I know the conventional wisdom (as espoused by your truly a few weeks ago) is that opening up mainstream media’s Web sites to things like comments, submit to social news sites and what have you is a good idea but…
Sure commenting increases engagement and page views (=ad revenue) but taking a look through The Toronto Star’s basketball mail bag and comments on this football article from The Times I can’t help but think whether this engagement is worth it.
There’s nothing a minimum wage office monkey enjoys more than coming up with a piece of irrefutable logic that cripples a cornerstone of the journalist’s article. However, most people are so overcome with the eagerness and the green eyed monster that they only prove why they are so utterly incapable of stringing more than a few thoughts together in coherent fashion.
As I’ve said before, the comments sections of some big newspaper’s sites are like the wild west for journalists – they can wander around, but they may need protection. I always like reading the Dilbert blog comments for people who think (quite wrongly) that they are imparting an absolute truth in a way no one else has ever done before. And then falling flat on their faces.
Do you really want the great unwashed harrassing your employees’ every word, statistic or turn of phrase?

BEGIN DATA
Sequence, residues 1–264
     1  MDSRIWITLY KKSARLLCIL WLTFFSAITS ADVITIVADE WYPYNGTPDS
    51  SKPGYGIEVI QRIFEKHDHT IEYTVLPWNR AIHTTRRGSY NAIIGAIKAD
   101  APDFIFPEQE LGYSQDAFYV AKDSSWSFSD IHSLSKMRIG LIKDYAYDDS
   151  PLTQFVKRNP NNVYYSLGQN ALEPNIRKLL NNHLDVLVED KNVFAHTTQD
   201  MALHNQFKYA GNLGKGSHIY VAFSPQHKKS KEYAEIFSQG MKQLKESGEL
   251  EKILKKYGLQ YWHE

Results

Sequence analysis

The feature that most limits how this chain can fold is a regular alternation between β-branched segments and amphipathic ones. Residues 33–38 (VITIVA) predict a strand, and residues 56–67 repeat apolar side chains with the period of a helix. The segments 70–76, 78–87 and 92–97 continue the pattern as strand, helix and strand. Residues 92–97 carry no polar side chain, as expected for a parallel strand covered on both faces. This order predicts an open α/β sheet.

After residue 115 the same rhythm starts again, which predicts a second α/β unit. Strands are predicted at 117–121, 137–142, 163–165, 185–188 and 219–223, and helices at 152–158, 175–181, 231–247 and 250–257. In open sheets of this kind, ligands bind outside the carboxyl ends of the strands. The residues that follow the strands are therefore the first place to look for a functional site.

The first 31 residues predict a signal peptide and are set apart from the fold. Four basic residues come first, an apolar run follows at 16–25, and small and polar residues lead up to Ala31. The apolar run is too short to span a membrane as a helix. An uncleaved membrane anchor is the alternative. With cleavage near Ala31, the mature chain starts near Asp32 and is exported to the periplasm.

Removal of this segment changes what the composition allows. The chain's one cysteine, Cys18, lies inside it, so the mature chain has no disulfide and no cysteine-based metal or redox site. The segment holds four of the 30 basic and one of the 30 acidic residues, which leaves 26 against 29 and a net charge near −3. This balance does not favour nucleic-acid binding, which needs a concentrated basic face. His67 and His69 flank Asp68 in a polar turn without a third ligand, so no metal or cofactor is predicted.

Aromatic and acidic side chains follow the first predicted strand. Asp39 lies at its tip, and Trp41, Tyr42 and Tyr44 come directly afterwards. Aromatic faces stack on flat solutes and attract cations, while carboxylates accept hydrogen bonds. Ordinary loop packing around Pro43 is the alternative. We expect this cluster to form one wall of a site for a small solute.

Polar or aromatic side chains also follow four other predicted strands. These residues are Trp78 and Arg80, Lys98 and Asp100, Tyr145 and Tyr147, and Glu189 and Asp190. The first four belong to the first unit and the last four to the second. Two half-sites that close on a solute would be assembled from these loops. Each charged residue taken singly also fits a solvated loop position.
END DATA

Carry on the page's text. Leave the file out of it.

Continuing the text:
In terms of tactics that I’ve seen from the mainstream media that shows they “get” social media and that work effectively:
Report a typo – if you’re going to have people slag off your writing, you may as well do it properly. Added to the fact that barely anyone can actually read or right properly these days, including myself, and you have a great spectator’s sport.
Podcasting – journalists are clever, insightful, opinionated and knowledgable. Which is why they make so many appearances on our televisions. If you’re an editor or manager, why not put a few of these resources in a room together, give them a few beveraged, some contentious talking points, turn on the mikes and you’re off to the races. Use your existing readership to build up the listenership, sell some advertising and sponsorship spots and bang! You’re a senior vice-president (or equivalent for the media industry).
RSS – guys, you do know you can sell ads through RSS as well right? You put your feeds out for people to subscribe to, but I rarely see you serving any ads up with them as well… If you can sniff your nose at (about) $15 cpm, then good for you.